With the likes of Sidney Crosby, Evgeni Malkin, James Neal, Jarome Iginla, Chris Kunitz, Kris Letang and Paul Martin, the Penguins simply boast too much talent for most short-handed units to handle. As Ottawa defenseman Marc Methot mentioned, “They have, basically, five all-stars on the first PP unit that are moving the puck around. And it’s not easy to chase them and get hits on them when they’re moving the puck properly.”
And there in lies the problem for Pittsburgh’s opposition. When the Pens’ power play is clicking, their puck movement is second to none. What’s more, the versatility of all those talented players allows Coach Dan Bylsma to create countless looks and adjustments that are nearly impossible to prepare for.
“I think just our different looks. There are so many guys that have great shots and can score from anywhere. It’s dangerous from everywhere. It’s not like that one guy has that big shot and they can take it away and limit chances. If you take one guy away, there’s another guy that is just as dangerous if not more dangerous. That’s tough to cover.” – James Neal, on the success of the Penguins’ power play
As a result, Boston’s eighth ranked penalty killing unit will have to find a way to become more effective or it could be a long series for the Bruins.
The Penguins’ penalty kill has been just as vital to their postseason success as the man advantage Unlike the power play, though, the short-handed unit has been a pleasant surprise. Having finished the regular season with the 25th ranked penalty kill, the group was supposed to be a weakness for Pittsburgh heading into the playoffs. Instead, the squad straightened things out and, as a result, the Pens boast the third ranked (89.7%) unit in the postseason.
They will face a Boston power play that has been a pleasant surprise of their own in these playoffs. Having finished the regular season ranked 26th, the traditionally poor Boston power play ranks fifth in the postseason coming into the Conference Finals as the emergence of Torey Krug has bolstered a unit that was once an Achilles’ heel for this team.
If the Pens can maintain the stingy penalty killing that they have displayed to this point in the playoffs, it will go a long way toward getting the club back to the Stanley Cup FInals. Given that nearly 20% of the B’s offense has come with the man advantage, it will be awfully difficult for Boston to keep up on the scoreboard if their power play dries up.
There are many pundits out there who believe we haven’t seen the last of Marc-Andre Fleury in this postseason. Some maintain that Pittsburgh will run into some adversity in this round or the next and, as a result, Bylsma will have a difficult decision to make. And maybe they’re right. After all, this Boston team presents an arduous task, one that the Pens haven’t encountered yet in these playoffs. The Bruins are big, they are physical, they are deep and they will give the Penguins all they can handle.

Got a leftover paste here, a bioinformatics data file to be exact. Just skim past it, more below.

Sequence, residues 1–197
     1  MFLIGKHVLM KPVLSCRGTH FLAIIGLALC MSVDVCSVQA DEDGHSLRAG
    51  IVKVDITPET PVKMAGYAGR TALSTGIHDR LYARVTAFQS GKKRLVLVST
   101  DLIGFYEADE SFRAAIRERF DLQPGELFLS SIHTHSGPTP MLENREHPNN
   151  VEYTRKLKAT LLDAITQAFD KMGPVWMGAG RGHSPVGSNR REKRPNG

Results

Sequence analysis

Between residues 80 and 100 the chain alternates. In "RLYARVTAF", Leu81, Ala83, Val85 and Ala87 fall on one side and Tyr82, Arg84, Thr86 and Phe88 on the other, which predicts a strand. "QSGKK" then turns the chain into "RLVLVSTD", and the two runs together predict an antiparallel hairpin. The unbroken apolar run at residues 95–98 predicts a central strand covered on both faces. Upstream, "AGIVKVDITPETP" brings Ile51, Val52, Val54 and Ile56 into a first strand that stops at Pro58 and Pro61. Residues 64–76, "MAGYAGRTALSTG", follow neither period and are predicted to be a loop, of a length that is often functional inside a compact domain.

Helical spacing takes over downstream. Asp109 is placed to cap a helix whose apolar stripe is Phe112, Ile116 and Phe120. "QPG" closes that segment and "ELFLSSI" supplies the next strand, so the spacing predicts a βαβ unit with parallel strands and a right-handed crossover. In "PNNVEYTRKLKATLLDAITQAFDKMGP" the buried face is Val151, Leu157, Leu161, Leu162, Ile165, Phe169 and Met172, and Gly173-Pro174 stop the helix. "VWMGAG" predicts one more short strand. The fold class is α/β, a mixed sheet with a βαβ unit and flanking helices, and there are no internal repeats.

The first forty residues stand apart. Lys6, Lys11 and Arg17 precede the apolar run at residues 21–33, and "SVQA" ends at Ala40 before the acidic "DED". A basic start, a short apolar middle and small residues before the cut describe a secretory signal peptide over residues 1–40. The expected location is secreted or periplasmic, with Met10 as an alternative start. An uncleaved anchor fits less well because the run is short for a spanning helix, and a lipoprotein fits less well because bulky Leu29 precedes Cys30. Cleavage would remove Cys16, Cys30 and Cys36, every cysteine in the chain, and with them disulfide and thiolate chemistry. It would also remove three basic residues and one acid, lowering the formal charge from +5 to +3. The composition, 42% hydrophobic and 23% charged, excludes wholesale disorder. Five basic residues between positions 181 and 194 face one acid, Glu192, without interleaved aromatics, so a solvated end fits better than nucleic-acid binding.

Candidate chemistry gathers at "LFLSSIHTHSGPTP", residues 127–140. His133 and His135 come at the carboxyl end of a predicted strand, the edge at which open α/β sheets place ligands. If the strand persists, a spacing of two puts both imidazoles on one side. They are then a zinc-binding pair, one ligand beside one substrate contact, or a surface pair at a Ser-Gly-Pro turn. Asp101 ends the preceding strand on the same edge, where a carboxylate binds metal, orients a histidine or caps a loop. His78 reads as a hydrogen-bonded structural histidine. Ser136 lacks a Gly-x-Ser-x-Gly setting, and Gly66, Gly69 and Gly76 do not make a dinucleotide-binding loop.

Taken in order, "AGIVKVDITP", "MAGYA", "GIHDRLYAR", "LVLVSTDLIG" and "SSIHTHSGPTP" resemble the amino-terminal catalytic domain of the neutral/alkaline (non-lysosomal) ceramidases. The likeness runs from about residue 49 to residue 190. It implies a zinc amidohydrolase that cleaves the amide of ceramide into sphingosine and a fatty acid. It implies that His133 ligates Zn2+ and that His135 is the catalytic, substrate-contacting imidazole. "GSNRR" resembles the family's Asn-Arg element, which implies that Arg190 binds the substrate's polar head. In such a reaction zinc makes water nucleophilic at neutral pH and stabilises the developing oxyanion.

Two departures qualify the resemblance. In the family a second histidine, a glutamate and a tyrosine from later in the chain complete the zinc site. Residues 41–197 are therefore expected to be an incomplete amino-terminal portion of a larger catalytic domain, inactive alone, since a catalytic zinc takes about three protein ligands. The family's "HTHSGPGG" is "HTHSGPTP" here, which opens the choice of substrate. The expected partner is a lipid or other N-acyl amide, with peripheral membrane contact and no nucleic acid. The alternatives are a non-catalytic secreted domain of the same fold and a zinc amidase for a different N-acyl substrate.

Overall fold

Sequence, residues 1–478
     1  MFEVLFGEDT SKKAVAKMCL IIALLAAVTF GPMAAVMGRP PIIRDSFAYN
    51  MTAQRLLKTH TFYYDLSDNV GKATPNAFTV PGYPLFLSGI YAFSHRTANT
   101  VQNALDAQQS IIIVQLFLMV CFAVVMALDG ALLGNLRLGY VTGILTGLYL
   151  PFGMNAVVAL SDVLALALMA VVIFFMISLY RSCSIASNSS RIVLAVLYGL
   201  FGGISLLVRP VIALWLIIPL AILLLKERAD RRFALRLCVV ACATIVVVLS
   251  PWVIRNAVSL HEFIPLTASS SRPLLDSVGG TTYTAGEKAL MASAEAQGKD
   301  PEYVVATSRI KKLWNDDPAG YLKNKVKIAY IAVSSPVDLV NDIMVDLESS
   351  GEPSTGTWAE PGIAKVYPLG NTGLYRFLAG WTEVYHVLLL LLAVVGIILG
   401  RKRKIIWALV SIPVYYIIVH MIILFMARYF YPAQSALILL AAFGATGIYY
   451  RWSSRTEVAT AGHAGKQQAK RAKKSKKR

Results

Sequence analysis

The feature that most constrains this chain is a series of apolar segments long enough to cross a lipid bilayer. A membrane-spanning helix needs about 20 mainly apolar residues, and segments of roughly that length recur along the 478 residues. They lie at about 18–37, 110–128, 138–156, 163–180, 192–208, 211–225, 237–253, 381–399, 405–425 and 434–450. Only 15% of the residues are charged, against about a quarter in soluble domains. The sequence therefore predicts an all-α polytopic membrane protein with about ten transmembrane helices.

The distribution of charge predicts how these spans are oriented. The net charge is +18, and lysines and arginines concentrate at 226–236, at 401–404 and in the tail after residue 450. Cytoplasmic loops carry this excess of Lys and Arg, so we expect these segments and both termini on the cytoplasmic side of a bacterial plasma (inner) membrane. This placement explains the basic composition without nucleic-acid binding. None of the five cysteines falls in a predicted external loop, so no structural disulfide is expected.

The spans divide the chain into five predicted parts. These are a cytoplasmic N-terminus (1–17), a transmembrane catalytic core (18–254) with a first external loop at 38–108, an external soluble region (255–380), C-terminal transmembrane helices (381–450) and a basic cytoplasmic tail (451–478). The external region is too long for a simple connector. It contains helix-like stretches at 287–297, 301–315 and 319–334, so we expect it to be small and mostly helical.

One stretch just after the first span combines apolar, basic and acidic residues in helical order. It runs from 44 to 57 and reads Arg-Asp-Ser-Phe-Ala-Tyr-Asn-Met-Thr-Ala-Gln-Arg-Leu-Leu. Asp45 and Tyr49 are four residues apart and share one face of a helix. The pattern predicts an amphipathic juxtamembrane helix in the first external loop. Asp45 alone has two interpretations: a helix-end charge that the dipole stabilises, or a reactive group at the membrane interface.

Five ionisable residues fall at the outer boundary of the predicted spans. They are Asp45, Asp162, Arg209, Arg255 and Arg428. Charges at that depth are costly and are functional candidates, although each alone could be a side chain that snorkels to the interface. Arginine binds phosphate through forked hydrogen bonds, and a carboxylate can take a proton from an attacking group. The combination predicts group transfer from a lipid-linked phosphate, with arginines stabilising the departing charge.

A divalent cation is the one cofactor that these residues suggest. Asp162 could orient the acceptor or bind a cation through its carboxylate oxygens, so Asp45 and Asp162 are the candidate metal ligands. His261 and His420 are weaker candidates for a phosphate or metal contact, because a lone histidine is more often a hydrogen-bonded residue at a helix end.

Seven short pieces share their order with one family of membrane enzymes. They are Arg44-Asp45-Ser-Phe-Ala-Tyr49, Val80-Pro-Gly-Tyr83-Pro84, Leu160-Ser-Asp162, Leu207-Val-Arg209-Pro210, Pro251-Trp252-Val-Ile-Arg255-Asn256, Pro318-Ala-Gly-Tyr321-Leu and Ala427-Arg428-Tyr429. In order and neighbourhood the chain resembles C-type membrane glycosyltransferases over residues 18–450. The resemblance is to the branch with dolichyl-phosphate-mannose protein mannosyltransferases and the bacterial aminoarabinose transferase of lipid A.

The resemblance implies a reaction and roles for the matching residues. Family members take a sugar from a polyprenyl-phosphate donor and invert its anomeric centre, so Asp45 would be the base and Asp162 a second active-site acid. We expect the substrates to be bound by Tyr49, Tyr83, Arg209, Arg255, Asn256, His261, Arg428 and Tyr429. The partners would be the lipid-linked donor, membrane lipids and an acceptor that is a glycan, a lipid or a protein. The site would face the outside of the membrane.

But until Vokoun actually falters, he represents a huge strength for this Pittsburgh team. Not only do his numbers sparkle – he boasts a 1.85 GAA and .941 save percentage – but he provides the club with a calming effect that is immeasurable:
“That’s just kind of the way he is, so calm. Everything about him is calm. He’s a good veteran to have in obviously an important division. When you see him and how he handles himself, it just rubs off on everyone.” – Matt Niskanen, on Tomas Vokoun
That’s exactly the attitude the Penguins need between the pipes. After all, with the firepower Pittsburgh possesses, they don’t need their goaltender to be perfect; they just need him to stay calm and make the saves he should make. And that is precisely what Vokoun has done to this point. Have there been defensive breakdowns since the veteran relieved Fleury during the Islanders’ series? Absolutely. But, more times than not, Tomas has been there to bail his team out, providing the entire squad with a confidence that seems to grow with each game.
If Vokoun can continue that steady play, the Penguins’ depth and special teams may prove enough to get Pittsburgh to a third Stanley Cup Final in six years.
Sean Griffin is a lead writer for the Pittsburgh Penguins at The Hockey Writers. He can be contacted at firstname.lastname@example.org.